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. Last Updated: 07/27/2016

Death Row Sells High Fashion

ROME -- Fashion giant Benetton is joining Italy's offensive against the death penalty with its latest advertising campaign: piercing portraits of American death-row inmates.

The posters, which will hit billboards worldwide at the end of January, feature death-row inmates in prison uniforms staring into the camera over the words, "Sentenced to Death." The prisoner's name, date of birth, crime and expected method of execution follows.

"How can they do that? How can they do that?" said Freida Froemsdorf, whose 35-year-old son, a Missouri state highway patrolman, was gunned down in 1985 by one of the inmates to be featured by Benetton.

"They shouldn't be doing anything like that - there should be a law against it," Froemsdorf said Saturday when told of the ad campaign in a telephone interview from her Missouri home.

Photographer Oliviero Toscani, known for socially provocative Benetton ads that seemingly have little to do with fashion, visited prisons across the United States over two years to create the series, called "Looking Death in the Face."

Toscani is now promoting his campaign in the United States, where the number of executions last year was the highest it has been since 1954.

One of the men featured in the ad campaign is Jerome Mallett, who is on death row in Missouri for James Froemsdorf's slaying.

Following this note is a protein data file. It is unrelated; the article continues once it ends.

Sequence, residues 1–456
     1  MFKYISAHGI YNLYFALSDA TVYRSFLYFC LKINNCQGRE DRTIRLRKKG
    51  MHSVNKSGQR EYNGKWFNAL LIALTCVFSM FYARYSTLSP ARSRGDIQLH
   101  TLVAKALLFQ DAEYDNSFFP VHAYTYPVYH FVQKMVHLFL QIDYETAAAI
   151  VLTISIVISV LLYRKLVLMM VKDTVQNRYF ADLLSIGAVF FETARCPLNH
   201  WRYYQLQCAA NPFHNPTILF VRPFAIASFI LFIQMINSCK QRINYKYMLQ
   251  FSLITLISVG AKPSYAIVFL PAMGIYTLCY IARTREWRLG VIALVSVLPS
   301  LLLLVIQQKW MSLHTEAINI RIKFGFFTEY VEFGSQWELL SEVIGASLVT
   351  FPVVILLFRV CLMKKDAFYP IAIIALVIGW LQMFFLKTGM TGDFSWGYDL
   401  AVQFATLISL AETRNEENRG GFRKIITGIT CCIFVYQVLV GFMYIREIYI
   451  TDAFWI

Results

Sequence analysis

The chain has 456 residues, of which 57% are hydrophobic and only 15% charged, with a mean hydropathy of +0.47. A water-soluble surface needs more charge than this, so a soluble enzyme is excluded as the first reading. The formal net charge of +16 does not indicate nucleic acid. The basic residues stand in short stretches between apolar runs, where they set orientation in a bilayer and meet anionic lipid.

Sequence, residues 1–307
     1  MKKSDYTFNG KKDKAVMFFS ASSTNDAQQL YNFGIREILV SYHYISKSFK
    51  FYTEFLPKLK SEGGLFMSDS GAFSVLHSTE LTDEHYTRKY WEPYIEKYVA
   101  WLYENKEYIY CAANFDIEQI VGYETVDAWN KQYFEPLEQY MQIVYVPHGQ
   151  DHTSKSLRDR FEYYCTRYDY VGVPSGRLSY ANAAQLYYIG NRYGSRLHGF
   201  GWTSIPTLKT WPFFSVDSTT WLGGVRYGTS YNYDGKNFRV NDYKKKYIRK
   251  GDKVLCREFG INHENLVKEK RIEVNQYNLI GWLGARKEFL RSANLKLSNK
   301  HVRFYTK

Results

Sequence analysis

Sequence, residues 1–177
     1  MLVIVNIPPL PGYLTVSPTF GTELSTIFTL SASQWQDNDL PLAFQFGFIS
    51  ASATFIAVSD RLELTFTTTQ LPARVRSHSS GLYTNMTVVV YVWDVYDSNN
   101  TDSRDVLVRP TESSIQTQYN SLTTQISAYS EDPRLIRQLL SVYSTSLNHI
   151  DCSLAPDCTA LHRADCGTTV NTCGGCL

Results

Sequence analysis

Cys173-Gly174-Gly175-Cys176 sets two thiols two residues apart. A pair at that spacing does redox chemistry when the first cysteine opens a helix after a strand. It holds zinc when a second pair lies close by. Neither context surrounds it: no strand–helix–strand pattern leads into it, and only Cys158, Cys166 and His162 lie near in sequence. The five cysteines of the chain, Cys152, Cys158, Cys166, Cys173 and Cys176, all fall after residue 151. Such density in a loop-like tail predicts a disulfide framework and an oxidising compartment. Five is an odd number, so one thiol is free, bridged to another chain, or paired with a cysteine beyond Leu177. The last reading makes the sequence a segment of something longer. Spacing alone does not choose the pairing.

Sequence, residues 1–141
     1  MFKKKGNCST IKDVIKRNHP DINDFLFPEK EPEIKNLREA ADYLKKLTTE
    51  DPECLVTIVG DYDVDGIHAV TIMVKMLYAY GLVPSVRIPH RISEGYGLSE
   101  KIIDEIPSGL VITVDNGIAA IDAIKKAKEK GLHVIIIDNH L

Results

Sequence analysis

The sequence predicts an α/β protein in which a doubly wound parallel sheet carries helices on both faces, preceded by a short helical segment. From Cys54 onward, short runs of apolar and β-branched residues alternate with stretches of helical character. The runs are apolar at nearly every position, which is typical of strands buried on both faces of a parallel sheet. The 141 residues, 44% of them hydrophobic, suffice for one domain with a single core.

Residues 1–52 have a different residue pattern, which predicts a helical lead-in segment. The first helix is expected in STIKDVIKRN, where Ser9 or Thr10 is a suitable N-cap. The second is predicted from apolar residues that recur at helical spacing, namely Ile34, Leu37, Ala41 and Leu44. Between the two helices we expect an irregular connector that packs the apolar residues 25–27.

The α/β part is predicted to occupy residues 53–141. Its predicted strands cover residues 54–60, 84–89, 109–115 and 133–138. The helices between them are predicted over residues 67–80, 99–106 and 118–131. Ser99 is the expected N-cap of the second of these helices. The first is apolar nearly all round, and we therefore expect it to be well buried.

The trooper had apparently handcuffed Mallett after a driver's license check revealed he was wanted by authorities in Dallas for armed robbery and a parole violation. Authorities believe Mallet grabbed Froemsdorf's revolver and then shot and killed him.

Another is Leroy Orange, who along with his half-brother was convicted in 1985 of murdering four people, including a 10-year-old boy, after an argument over drugs. The victims were stabbed and their apartment set on fire in an effort to conceal the crime.

Both brothers confessed to Chicago police shortly after their arrests. Later, however, Orange contended police tortured him into confessing, and the half-brother said he alone committed the crimes.

Toscani said he wanted to foster debate on capital punishment, even at the cost of losing American customers.

"Of course, that may happen," Saturday's English-language "Italy Daily" quoted him as saying. "But as a result of the campaign, we may gain new customers. If advertising made everyone happy, it would be an act of hypocrisy."

Italians, longtime opponents of the death penalty, increasingly are crusading against its use abroad. Over the coming year, Rome's Colosseum is to be lit up for 48 hours every time a death sentence is commuted anywhere in the world or a country abolishes the death penalty.

Since the late 1980s, when Toscani took over the fashion giant's advertising, Benetton has made headlines with ads addressing such topics as AIDS and racism - sometimes at the cost of accusations that it provokes or sympathizes simply to promote sales.

In 1993, AIDS groups in France sued over Benetton ads that showed the words "HIV positive" on buttocks and other body parts, calling them "commercial exploitation of suffering."

Also in the 1990s, the Roman Catholic Church protested a campaign that featured models dressed as a priest and a nun kissing.

Benetton concedes the ads are meant to increase consumer awareness of the label - but says they also are intended to raise awareness on social issues.

In announcing its death-row campaign, Benetton credited itself with "tearing down the wall of international indifference."

No one was available when comment was sought from Benetton headquarters Saturday, and it was unclear whether any of the inmates were compensated for participating in the ad campaign.

The Italian-based vendor of trendy sweaters, scarves and other clothing for men, women and children has retail stores worldwide.

Forbes magazine listed the Luciano Benetton family at No. 111 on its list of billionaires last year, with $4 billion in wealth.